Fortinet says in his new role Maiden will focus on threat intelligence sharing to help Australian and New Zealand organisations protect themselves from current and emerging threats.
Prior to joining Fortinet Maiden worked at Cisco where he ran a national-level program to raise Australia’s overall cyber posture, with a focus on accelerating Australian cybersecurity education and building effective partnerships to realise “mutual success”.
Maiden also held roles with the Australian Taxation Office (ATO), where he was the agency’s cybersecurity advisor, and with Lockheed Martin, where he ran cyber operations for the organisation’s Defence Centralised Processing project.
Fortinet says Maiden has a strong background in defence, intelligence, security and federal government, and has led a wide variety of cybersecurity activities including penetration testing, systems engineering as well as risk assessments and cyber operations.
In the Australian Intelligence Community (AIC), Maiden supported intelligence collection, processing and reporting.
Commenting on his appointment, Maiden said, “Threat intelligence sharing is a crucial aspect of minimising the harm caused by cybersecurity breaches in Australian and New Zealand organisations”.
“Effective threat intelligence sharing can help cybersecurity professionals take a more strategic and proactive approach to protecting their organisations. This can help overcome challenges posed by skills shortages and disparate cybersecurity postures characterised by point solutions that create complexity.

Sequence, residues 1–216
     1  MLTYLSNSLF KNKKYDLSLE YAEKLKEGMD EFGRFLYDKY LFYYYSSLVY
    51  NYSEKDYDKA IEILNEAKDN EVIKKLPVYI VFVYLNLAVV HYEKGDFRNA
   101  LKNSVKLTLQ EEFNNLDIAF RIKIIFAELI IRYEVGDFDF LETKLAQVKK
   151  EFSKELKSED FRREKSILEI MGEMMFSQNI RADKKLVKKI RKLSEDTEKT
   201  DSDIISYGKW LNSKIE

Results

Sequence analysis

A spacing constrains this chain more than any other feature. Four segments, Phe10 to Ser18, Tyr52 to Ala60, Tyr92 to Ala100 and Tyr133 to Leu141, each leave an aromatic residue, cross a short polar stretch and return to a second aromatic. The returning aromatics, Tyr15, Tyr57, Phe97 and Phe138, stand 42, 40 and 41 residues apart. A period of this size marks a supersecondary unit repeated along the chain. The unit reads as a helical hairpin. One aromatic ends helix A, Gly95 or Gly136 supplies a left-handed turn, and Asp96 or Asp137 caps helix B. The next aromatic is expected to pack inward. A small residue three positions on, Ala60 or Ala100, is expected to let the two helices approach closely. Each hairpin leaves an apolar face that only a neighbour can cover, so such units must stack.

“By integrating threat intelligence into their cybersecurity posture, organisations can reduce their risk and optimise their security investments, focusing on the controls that will make a real difference.
“Threat intelligence is an extraordinarily valuable tool in the fight against cybercriminals. It’s possible to point to any number of situations in which organisations have avoided significant damage and losses due to timely threat intelligence informing their response to attacks.
“When organisations have a plethora of point solutions in place, it becomes more difficult to integrate threat intelligence into the cybersecurity ecosystem. It’s important to choose cybersecurity solutions that incorporate a security fabric that extends across the business and leverages threat intelligence for a more effective defence,” Maiden concluded.